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The Money Programme Wednesday, 3 April, 2002, 16:03 GMT 17:03 UK
Inside the Enron Scandal
Enron HQ Houston, Texas
Until last December, Enron bragged of being the world's biggest energy trading company. Today it is the world's biggest corporate failure. Last year it claimed to have made profits of $1bn, but now it's clear that those figures were wildly inflated. The books were cooked.

A slew of investigations by the FBI and Congressional Committees is now looking into the scandal. They're concentrating on the network of obscure subsidiaries which Enron set up over the past four years to conceal the true state of its finances.

But a Money Programme investigation in Houston and London shows that Enron started to inflate its figures over a decade ago on deals which would in reality go on to lose the company hundreds of millions of dollars. Cooking the books became part of the company culture, encouraged by a viciously competitive staff performance review system.

Management put pressure on employees to cook the books
Enron HQ Texas, where the trouble started
Executives at the top of the company made tens of millions of dollars selling Enron shares which had been inflated by the aggressive accounting techniques. Many of their former employees have lost their entire pensions. Angelina Lario, who lost $600,000 in pension and stock options, says: " I just feel like I worked for a corporation that held a bunch of crooks in the executive department".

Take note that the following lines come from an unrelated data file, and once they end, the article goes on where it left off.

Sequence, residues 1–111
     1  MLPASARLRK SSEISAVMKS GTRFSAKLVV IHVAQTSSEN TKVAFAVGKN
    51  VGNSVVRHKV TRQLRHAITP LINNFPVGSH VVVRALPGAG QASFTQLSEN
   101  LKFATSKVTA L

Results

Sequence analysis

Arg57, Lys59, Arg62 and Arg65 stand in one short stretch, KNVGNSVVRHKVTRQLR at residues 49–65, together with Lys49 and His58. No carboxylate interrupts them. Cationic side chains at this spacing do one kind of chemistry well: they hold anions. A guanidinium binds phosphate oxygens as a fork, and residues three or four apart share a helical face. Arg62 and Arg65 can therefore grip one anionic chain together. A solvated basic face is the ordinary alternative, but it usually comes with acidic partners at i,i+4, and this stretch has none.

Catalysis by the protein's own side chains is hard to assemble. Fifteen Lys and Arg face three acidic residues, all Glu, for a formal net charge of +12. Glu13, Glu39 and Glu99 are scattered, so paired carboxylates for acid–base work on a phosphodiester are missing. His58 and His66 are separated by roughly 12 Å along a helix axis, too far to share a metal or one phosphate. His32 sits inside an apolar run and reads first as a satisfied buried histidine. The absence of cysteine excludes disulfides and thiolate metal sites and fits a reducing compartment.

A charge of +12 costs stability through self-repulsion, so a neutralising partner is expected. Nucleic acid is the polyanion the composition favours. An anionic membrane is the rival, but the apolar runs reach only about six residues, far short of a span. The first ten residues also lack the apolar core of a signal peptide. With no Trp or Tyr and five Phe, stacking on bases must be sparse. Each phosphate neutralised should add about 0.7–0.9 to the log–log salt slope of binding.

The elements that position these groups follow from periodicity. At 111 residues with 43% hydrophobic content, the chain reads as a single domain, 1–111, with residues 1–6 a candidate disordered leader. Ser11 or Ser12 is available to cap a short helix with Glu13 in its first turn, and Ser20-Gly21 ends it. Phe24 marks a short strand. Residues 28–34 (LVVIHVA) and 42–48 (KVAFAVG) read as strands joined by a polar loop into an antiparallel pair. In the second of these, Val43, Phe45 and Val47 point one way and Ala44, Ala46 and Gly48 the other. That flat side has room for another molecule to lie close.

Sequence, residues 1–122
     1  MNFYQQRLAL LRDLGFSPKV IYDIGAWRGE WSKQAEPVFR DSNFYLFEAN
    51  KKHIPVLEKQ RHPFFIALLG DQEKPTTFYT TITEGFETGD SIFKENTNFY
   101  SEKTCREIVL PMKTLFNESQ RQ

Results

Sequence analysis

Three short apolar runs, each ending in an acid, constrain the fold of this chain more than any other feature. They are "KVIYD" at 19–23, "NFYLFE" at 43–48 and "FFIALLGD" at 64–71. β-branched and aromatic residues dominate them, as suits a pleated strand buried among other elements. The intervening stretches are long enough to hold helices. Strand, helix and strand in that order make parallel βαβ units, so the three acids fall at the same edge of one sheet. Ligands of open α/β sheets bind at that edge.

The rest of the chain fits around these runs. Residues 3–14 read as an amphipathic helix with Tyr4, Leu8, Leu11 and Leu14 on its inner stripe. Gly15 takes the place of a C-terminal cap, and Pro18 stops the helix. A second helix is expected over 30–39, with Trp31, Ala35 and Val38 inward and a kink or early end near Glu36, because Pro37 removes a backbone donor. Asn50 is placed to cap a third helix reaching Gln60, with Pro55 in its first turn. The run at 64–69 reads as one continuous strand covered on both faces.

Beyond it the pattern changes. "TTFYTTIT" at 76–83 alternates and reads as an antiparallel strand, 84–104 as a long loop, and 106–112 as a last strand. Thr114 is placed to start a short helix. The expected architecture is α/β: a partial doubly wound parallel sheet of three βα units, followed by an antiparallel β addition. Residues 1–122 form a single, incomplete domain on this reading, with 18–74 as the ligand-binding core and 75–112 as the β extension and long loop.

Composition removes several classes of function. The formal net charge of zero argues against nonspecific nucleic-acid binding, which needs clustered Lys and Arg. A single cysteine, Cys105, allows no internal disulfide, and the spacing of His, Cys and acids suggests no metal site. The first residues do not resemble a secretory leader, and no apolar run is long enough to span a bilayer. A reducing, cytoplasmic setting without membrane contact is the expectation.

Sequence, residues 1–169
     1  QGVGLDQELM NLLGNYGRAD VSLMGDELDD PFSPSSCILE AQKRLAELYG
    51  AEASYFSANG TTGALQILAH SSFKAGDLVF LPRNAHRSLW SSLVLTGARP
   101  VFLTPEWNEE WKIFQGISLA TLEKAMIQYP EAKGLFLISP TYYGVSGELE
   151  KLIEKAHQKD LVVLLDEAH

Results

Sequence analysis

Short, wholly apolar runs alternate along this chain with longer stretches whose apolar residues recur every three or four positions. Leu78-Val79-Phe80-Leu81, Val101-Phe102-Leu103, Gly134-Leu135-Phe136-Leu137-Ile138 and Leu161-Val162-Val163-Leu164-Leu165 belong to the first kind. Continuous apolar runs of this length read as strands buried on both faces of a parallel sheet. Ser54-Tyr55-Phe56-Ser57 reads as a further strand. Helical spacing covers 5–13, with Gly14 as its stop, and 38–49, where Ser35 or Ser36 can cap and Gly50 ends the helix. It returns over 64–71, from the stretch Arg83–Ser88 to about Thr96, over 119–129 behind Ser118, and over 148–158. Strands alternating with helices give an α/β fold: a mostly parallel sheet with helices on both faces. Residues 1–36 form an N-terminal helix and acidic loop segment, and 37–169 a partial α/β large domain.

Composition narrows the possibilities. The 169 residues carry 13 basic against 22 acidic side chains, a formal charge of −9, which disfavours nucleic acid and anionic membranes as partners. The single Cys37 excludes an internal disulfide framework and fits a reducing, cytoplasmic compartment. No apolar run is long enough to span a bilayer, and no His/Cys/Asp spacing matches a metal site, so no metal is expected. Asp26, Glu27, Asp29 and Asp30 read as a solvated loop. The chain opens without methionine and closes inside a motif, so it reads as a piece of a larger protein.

The scandal was allowed to happen because members of the Enron board - including former British Energy Secretary Lord Wakeham, a chartered accountant - failed to spot the abuses. So too, apparently, did accountants Arthur Andersen, though some of their American staff engaged in an orgy of document shredding when it became known that regulators were investigating.

Lord Wakeham - former British Energy Secretary
Lord Wakeham failed to stop the abuses
Many top Wall Street firms invested in Enron's obscure subsidiaries, and knew they were intended to improve Enron's figures by removing debts from its balance sheet, but it was in nobody's interest to blow the whistle. Investment houses whose analysts published less than glowing reports on Enron came under enormous pressure, as their firms were cut out of lucrative Enron business. Enron spent $250 million last year alone on fees to Wall St firms.

The Money Programme tells the Enron story through the testimony of victims and insiders, who reveal how management put pressure on employees to cook the books in order to increase their own bonuses. The programme asks the question: was Enron a scam from the very start?

Reporter: Rajan Datar, Producer: David Strahan, Series Editor: Clive Edwards.

"Inside the Enron Scandal" will be shown on Thursday 4 April at 9.50pm on BBC TWO

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